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Yes. Although this is the first time you received a New York State license, it may not be your first license. You must complete the required continuing competency activities during this and all subsequent registration periods.

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Yes. To reregister in New York, you will need 30 hours of continuing competency activities. Since you are actively practicing your profession, you will be able to count continuing competency hours earned up to 36 months prior to the month in which you reregister.

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Yes. To reregister in New York, you will need 30 hours of continuing competency activities plus one additional hour for each month in the previous 3 years that you have not been registered to practice, up to a maximum of 30 additional hours (maximum of 60 continuing competency hours total). Further at least 10 of those hours must be completed in the 12 months prior to reregistration, and at least two-thirds of the total required hours must be in "professional" areas.

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No. Registration periods are adjusted so that renewals occur during the licensee's birth month. When this happens, you must calculate how many continuing competency hours you are required to complete. To do this, you must count the length of the registration in months and multiply that number by 1 hour, with a maximum of 30 hours. For example, you are issued a registration effective 7/1/05 and it expires 10/31/07. This registration is for 28 months. You must complete 28 hours of continuing competency learning activities in this registration period.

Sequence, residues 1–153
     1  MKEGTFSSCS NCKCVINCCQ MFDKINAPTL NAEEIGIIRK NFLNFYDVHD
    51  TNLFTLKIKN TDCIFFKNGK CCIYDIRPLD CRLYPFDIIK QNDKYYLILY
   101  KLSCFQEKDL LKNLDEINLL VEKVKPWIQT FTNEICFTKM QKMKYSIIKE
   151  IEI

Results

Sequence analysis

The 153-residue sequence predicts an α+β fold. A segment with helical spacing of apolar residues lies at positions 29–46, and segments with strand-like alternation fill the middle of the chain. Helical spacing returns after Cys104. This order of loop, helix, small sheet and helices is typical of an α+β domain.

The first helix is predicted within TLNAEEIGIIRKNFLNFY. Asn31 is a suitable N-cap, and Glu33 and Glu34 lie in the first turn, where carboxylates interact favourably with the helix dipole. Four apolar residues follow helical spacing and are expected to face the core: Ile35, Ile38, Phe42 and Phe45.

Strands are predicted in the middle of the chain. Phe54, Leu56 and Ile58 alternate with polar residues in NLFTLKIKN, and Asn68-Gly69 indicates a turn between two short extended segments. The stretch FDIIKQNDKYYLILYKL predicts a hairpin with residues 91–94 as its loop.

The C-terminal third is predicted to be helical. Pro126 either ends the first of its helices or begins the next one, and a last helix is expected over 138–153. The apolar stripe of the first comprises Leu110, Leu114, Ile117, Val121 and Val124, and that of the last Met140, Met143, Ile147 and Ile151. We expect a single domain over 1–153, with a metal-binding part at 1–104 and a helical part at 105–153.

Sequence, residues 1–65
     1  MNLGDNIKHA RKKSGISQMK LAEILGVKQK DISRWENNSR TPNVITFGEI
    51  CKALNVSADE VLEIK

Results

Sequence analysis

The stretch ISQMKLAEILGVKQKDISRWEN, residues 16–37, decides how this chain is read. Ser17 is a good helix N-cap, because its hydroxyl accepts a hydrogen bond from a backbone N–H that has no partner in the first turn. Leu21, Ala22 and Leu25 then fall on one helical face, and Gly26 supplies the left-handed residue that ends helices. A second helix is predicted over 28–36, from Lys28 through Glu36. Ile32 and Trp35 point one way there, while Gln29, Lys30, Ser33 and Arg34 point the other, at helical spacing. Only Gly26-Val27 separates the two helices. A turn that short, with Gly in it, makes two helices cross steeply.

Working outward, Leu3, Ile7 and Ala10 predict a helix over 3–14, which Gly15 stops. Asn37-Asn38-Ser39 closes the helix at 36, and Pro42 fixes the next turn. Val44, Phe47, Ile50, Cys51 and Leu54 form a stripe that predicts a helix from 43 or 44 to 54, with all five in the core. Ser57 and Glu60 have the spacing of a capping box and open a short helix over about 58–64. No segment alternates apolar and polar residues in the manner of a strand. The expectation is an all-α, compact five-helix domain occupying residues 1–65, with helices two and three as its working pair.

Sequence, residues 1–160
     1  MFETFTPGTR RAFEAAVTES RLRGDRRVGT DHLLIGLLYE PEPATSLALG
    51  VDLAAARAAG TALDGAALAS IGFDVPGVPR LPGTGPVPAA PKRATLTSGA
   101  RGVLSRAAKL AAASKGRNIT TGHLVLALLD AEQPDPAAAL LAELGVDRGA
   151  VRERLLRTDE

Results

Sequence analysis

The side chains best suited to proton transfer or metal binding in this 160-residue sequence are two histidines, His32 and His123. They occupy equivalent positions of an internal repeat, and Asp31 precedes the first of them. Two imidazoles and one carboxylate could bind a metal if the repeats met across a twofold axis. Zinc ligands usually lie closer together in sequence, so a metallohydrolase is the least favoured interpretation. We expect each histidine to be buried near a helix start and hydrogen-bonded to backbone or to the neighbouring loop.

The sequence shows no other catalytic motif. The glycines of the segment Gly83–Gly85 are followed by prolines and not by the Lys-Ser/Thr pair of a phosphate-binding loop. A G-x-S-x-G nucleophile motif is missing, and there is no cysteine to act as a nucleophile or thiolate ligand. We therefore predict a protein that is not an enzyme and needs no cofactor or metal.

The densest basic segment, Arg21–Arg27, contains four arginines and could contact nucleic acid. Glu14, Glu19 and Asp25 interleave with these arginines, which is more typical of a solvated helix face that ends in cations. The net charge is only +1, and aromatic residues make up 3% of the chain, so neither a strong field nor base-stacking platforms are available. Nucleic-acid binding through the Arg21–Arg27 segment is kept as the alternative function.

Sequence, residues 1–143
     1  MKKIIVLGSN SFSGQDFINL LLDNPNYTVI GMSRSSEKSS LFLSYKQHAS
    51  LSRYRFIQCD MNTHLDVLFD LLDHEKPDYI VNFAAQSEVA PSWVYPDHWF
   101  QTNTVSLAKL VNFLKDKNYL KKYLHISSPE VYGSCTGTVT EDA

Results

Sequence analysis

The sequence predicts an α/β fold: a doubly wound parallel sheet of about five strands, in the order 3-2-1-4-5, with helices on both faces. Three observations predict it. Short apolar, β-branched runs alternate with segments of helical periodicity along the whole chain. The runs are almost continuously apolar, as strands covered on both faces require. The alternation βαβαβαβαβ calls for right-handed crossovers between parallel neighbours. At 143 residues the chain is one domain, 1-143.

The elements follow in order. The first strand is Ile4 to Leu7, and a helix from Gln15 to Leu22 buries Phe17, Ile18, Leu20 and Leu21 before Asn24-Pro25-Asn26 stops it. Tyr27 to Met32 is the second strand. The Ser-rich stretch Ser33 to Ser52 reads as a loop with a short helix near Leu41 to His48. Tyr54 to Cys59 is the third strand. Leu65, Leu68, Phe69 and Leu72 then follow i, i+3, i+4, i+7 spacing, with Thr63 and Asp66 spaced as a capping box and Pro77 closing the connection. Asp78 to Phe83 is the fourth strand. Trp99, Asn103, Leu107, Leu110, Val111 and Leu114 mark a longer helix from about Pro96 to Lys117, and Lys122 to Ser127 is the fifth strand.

Continuing Competency Learning Activities and Hours
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Continuing competency activities are those learning activities that you undertake for the purpose of increasing and maintaining your professional competence. Continuing competency activities include:

  • Formal continuing education courses or workshops
  • Formal academic study